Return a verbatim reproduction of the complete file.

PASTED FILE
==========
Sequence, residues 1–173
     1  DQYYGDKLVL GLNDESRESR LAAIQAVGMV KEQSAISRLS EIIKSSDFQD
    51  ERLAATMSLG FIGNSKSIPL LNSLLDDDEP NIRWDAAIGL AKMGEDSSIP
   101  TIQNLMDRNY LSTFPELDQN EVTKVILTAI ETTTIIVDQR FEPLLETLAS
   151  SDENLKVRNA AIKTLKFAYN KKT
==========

Sequence, residues 1–173
     1  DQYYGDKLVL GLNDESRESR LAAIQAVGMV KEQSAISRLS EIIKSSDFQD
    51  ERLAATMSLG FIGNSKSIPL LNSLLDDDEP NIRWDAAIGL AKMGEDSSIP
   101  TIQNLMDRNY LSTFPELDQN EVTKVILTAI ETTTIIVDQR FEPLLETLAS
   151  SDENLKVRNA AIKTLKFAYN KKT